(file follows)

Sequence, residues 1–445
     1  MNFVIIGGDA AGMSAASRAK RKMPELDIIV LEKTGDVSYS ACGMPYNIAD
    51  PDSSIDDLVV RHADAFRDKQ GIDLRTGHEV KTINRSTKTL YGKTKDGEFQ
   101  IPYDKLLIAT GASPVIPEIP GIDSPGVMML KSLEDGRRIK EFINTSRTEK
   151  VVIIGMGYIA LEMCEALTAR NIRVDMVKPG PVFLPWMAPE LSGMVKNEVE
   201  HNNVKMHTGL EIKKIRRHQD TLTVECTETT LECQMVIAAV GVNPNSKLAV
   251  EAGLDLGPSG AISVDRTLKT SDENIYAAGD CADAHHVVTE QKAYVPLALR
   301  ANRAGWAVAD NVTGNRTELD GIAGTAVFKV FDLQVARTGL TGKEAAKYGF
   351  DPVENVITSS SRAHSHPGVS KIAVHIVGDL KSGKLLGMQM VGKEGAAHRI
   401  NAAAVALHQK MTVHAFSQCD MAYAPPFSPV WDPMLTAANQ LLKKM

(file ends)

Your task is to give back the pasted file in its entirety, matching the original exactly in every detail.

Sequence, residues 1–445
     1  MNFVIIGGDA AGMSAASRAK RKMPELDIIV LEKTGDVSYS ACGMPYNIAD
    51  PDSSIDDLVV RHADAFRDKQ GIDLRTGHEV KTINRSTKTL YGKTKDGEFQ
   101  IPYDKLLIAT GASPVIPEIP GIDSPGVMML KSLEDGRRIK EFINTSRTEK
   151  VVIIGMGYIA LEMCEALTAR NIRVDMVKPG PVFLPWMAPE LSGMVKNEVE
   201  HNNVKMHTGL EIKKIRRHQD TLTVECTETT LECQMVIAAV GVNPNSKLAV
   251  EAGLDLGPSG AISVDRTLKT SDENIYAAGD CADAHHVVTE QKAYVPLALR
   301  ANRAGWAVAD NVTGNRTELD GIAGTAVFKV FDLQVARTGL TGKEAAKYGF
   351  DPVENVITSS SRAHSHPGVS KIAVHIVGDL KSGKLLGMQM VGKEGAAHRI
   401  NAAAVALHQK MTVHAFSQCD MAYAPPFSPV WDPMLTAANQ LLKKM